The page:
Achieving the extraordinary launch time was cause for celebration, but Patience says the realization of what Agios had just pulled off really hit home about a day after the launch. “We had a physician forward us a communication from a doctor who was thanking us for getting the product to the marketplace because up until the day of our approval they had a patient who had no therapy available, but now they could phone the patient and tell them there was now therapy for their life-threatening condition,” he remembers. “That’s what really makes it worthwhile for everyone and all the teams that work so hard here for so many years. And ultimately it does make an extraordinary difference launching in eight hours versus 48 hours, because there are real patients and their real families at the end of our supply chain depending on us.”
Agios believes in sharing patients’ stories with its staff regularly to motivate and help them connect with patients who are in dire need of therapy. “It gives us a purpose for what we do and why we come to work every day,” Murray says.
Over the past 10 years, Agios has grown from a research company of less than 50 people with no commercial medicines to a staff of about 475 and launching two commercial projects in less than one year. As the company continues to mature, the complexity of development activities and the global nature of commercial activities will put pressure on it to adapt.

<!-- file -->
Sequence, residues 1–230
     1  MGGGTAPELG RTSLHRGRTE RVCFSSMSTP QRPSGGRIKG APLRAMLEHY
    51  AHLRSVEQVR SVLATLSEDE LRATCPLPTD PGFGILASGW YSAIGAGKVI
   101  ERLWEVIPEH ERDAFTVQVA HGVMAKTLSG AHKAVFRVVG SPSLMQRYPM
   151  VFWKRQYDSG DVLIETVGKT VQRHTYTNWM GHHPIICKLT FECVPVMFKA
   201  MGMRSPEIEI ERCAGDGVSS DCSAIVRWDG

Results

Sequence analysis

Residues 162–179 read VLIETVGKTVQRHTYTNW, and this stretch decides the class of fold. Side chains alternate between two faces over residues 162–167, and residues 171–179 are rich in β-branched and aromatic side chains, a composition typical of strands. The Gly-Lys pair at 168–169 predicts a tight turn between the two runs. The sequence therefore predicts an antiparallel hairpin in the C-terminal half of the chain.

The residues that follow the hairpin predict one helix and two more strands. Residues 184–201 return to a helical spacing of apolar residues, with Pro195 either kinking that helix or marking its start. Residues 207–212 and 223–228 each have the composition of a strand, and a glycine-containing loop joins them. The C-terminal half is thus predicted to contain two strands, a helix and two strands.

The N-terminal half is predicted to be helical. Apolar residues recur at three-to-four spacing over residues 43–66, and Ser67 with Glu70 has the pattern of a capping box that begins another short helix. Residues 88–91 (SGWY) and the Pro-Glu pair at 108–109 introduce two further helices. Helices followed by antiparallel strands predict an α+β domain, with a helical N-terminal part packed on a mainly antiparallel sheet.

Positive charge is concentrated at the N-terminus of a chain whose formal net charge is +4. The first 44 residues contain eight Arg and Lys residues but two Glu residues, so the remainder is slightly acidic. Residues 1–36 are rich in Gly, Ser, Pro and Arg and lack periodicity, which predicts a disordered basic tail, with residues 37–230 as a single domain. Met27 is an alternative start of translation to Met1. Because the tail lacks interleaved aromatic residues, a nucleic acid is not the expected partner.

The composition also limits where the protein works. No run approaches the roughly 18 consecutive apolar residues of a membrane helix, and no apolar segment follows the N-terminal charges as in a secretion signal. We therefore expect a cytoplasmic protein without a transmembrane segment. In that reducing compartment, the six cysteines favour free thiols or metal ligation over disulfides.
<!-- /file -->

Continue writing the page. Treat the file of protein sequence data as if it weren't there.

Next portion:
“The challenge is that the entire drug development process is one of uncertainty and risk,” Patience says. “We are always balancing how much time and money can we afford to invest in the product when we don’t have data for in-hand that says it’s ever going to work. The challenge we will always face is how can we be ready to go quickly; and that puts an awful amount of burden on the CMO network who themselves plan to use their facilities efficiently, so we have to plan accordingly. Ultimately, it all boils down to doing what’s right for patients, and we can do that by establishing truly mutually beneficial relationships with a small network of highly-skilled and like-minded CMOs. After all, without each other, we both fail. Patients do not deserve for that to ever happen.”